You seem very self-effacing. So, what did you make of suddenly becoming a teen idol?
[Laughs] That's a good question. It just hit like a storm. I remembered mentioning that I liked Sarah Lee banana cake at that time. Well, we just inundated with cakes from across the country! The only thing I wish I had kept were all the peace beads, because in the 1960s people made these and hung them at protests and it was a wonderful thing. I had such an unbelievable collection of these beads. There was a housing charity up at the Lincoln Centre where I would take these things. We saw these rooms that were just filled with boxes of fan mail, and I had no way of coping with that. I tried at first to answer it, but I wasn't sophisticated enough to know that you had to hire someone to answer it - all this stuff was beyond me!

One of the people that helped me there was a woman from 16 Magazine, Gloria Stavers. She really helped me by taking a lot of the first pictures of me and then through that magazine I was able to communicate. I found it frustrating not being able to do that personally - I tried. That's why I do the Dark Shadows Festivals, because for some of the people I never managed to reply to, I can thank. I did a lot of personal appearances because I was under contract to ABC. It was just such a sudden kind of thing - you'd go back to your tiny apartment afterwards and go, "Hmmmmm… what's wrong with this picture?" [Laughs]

You missed the final weeks of the show due to appendicitis. How was to take time off to recover, only to recover and find…
There was no show? We knew that the show was in trouble, because it was expensive and that they wanted to do game shows instead, because they were much cheaper. All of our clothes were handmade; we had antiques on the set. And maybe a show like that, which burns so brightly, is like a comet - it's going to burn out. But I had no idea that they were going to pull the plug so quickly. In a way, maybe it was time for that, and maybe that's a reason it's hung on. Look at some of those shows and you understand why they stay with people. You can enjoy them as much today as you can back then.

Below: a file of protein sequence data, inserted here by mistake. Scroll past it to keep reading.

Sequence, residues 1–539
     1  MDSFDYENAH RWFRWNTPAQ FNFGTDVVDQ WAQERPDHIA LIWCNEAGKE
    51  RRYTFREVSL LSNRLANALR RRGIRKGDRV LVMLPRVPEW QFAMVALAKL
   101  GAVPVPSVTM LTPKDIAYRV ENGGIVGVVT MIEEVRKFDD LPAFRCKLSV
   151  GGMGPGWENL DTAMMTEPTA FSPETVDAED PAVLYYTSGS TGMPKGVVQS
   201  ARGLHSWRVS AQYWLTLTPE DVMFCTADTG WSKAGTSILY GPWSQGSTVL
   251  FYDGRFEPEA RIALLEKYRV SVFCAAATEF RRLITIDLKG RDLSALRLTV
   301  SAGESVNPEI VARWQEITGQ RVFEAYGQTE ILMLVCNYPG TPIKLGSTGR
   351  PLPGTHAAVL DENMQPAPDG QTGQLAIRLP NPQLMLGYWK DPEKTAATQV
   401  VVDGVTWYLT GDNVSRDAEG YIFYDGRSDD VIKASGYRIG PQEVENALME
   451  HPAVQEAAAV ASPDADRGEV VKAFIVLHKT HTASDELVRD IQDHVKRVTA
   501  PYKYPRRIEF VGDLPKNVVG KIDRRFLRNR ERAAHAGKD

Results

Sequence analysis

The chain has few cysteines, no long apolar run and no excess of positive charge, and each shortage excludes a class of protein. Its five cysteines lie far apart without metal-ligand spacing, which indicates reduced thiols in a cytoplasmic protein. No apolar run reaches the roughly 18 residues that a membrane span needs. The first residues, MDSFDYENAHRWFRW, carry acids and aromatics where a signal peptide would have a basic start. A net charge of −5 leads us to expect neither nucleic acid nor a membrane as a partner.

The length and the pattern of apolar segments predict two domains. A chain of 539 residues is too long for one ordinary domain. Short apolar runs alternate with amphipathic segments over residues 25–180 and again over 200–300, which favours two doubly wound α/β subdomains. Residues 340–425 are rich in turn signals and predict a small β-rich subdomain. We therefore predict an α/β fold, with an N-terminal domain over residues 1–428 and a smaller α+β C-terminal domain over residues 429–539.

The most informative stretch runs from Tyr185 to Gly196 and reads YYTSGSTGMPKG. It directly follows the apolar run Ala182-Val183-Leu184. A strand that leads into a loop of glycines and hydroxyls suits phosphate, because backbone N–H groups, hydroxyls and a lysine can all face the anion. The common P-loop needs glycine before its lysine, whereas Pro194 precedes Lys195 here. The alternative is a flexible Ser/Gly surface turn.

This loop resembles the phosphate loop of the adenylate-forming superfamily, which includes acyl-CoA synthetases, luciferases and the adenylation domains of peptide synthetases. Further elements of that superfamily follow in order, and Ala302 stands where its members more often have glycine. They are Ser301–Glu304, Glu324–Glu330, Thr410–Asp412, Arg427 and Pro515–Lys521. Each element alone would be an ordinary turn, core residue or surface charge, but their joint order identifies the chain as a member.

What was it like making the Night of Dark Shadows movie?
The movie wasn't really derived from Dark Shadows - they developed a whole new script for that particular one. I enjoyed the process and I enjoyed my friends that were in it with me, we had a great time. They've found these 35 minutes of lost footage, from when it was heavily edited - so much so, that it didn't really hang together in any way. Yet there are a couple of acting moments in there that… [laughs] I wish they'd cut. One especially is just a little over-the-top and didn't have anything behind it. They could have cut that and it wouldn't have bothered me at all - it just made me close my eyes and cringe. I've only seen the movie at the premiere thing they had in Los Angeles a couple of years ago. That was the first time I'd seen it since way back when. With the 35 minutes put back, I think it could have some nice flavour to it. But a great process, great people.

Do you have any theories why Dark Shadows has endured?
I think some of it had to do with the time we were living in - difficult times. We were in the midst of the Vietnam War; we were in great political upheaval in this country. One of the reasons I think Dark Shadows still runs is that it's dependent on nothing else other than a story. It's not dependent on a new look, on computers, too many special effects… we did our own effects right there. Fans, writers, actors alike were able to escape into another world, a world of sheer pretence. This was not a world requiring you to dredge up your own dark memories, unlike a lot of the more modern movies we see. This was pretend - sheer, wonderful, glorious pretend! When you succeed at creating your own world, whether it's in any realm - like Tolkien was able to do - and people are able to enter that world, it's a special thing.